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Lancaster, err Wellington wreck

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    #21
    Hi Marco

    Forum member Fluffy posted the following a while ago on Lancaster part IDs.

    Notes on the Avro Lancaster (Posted by Fluffy):

    For ease of identification, each area of the Lancaster is designated a letter followed by the actual part number.
    B data and rigging
    BBH repairs
    C cockpit deck and fairings
    D- fuselage structure
    E cowlings and fireproof bulkheads
    F wing structure
    G tailplane and elevators
    H fin and rudders
    K - undercarriage main and tail
    N furnishings
    O power plant
    P fuel and oil
    Q piping services, hydraulic and pneumatic
    R flying and trim controls
    S instrument and panels
    T radio and radar
    U ancillary equipment
    V electrical systems
    W bomb gear
    X gun gear
    Z - sundries

    The actual part number prefix is not clear - records suggest it may be 683, but that needs confirmation. Surely someone out there must know!

    Originally posted by Marco S. View Post
    No, never found a Whitley..!

    But please, maybe these numbers referred to a different thing. Maybe, codenumbers for soemthing else.

    Which was the number of Lancaster, if 285 referred to Wellington?

    Comment


      #22
      Hi Elliot,


      number 7 has got this inscription, 08ISS B:

      as I can see from your list (thanks!), it seems to refer to "data and rigging", or not?

      Comment


        #23
        Could it be a Stirling (I know, I would be expected to say that!)? Some were lost on long range missions to bomb Turin. I can check dates etc when back home.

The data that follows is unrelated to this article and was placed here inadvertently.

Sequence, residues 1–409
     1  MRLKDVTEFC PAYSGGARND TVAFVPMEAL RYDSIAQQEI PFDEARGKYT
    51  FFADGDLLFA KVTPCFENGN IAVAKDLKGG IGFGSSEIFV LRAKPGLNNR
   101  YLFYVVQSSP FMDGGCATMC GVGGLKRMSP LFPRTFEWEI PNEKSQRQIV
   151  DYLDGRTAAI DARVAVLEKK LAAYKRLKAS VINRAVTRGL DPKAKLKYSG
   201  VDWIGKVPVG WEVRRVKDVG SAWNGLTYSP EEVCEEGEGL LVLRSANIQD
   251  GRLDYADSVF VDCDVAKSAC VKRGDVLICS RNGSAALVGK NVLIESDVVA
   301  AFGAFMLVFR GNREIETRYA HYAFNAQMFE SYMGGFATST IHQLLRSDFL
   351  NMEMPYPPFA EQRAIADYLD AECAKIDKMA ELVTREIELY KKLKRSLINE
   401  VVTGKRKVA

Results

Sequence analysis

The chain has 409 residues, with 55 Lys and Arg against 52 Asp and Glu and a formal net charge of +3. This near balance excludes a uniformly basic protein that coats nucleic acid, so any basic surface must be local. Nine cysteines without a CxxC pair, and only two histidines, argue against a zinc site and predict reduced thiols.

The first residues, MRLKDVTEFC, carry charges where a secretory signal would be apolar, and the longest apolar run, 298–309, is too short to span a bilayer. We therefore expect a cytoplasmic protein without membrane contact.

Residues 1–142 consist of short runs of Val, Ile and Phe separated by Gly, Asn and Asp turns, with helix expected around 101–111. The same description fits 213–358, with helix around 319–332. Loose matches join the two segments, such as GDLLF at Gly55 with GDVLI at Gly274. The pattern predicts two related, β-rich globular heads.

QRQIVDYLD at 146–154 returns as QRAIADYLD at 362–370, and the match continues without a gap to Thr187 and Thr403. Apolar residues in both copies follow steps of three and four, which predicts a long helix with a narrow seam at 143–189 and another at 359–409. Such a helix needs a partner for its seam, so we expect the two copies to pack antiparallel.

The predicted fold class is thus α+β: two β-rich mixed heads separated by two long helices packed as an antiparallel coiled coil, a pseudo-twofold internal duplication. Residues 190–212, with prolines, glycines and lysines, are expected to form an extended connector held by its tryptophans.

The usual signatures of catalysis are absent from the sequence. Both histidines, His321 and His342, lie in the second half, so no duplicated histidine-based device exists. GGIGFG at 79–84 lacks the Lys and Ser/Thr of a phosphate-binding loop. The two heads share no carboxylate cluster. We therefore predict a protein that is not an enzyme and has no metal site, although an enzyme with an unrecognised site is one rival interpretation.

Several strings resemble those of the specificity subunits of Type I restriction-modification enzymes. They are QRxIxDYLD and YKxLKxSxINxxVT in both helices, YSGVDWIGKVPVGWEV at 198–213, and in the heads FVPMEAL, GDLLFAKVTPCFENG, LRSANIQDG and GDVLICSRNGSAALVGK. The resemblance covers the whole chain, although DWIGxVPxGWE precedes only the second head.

DS (should be working!)
        Never underestimate the power of human stupidity.

        Comment


          #24
          Thank you DocStirling,


          plase send me these datas and codenumbers, I am very interested.

          Unluckily, it seems very difficult to identify with certainty this wreck. My datas say "Lancaster", but many users, here, supposed to be a Wellington.

          Comment


            #25
            Hi Marco,

            Forgive me for being abrupt, but the parts you showed in this thread as well as the partnumber 285 all confirm this to be a Vickers Wellington. No doubt about about it.

            The typenumber of the Lancaster is 683.

            Sites such as lost bombers can be very deceptive and should not be used as a bible but more as a lead.

            Hope this helps
            Cees

            Comment


              #26
              Well, that might be the case if it was Lanc, but I really don't think it is!

              Wellingtons are much more interesting anyway! It's a good find


              Originally posted by Marco S. View Post
              Hi Elliot,


              number 7 has got this inscription, 08ISS B:

              as I can see from your list (thanks!), it seems to refer to "data and rigging", or not?

              Comment


                #27
                Hi Marco
                I have been looking for a decent photo to show you the part you have in your hand. I have a photo somewhere taken at a crash site in Scotland, but i cant find it. But i Have attached a poor quality photo of the joint taken at Hendon. This will might be of some help until i find a better photo
                Regards
                G.
                Found a better photo
                Attached Files
                Last edited by Wellington285; 29th September 2009, 18:17. Reason: add photo

                Comment


                  #28
                  Originally posted by Whitley_Project View Post
                  Hi Marco

                  Forum member Fluffy posted the following a while ago on Lancaster part IDs.

                  Notes on the Avro Lancaster (Posted by Fluffy):

                  For ease of identification, each area of the Lancaster is designated a letter followed by the actual part number.
                  B data and rigging
                  BBH repairs
                  C cockpit deck and fairings
                  D- fuselage structure
                  E cowlings and fireproof bulkheads
                  F wing structure
                  G tailplane and elevators
                  H fin and rudders
                  K - undercarriage main and tail
                  N furnishings
                  O power plant
                  P fuel and oil
                  Q piping services, hydraulic and pneumatic
                  R flying and trim controls
                  S instrument and panels
                  T radio and radar
                  U ancillary equipment
                  V electrical systems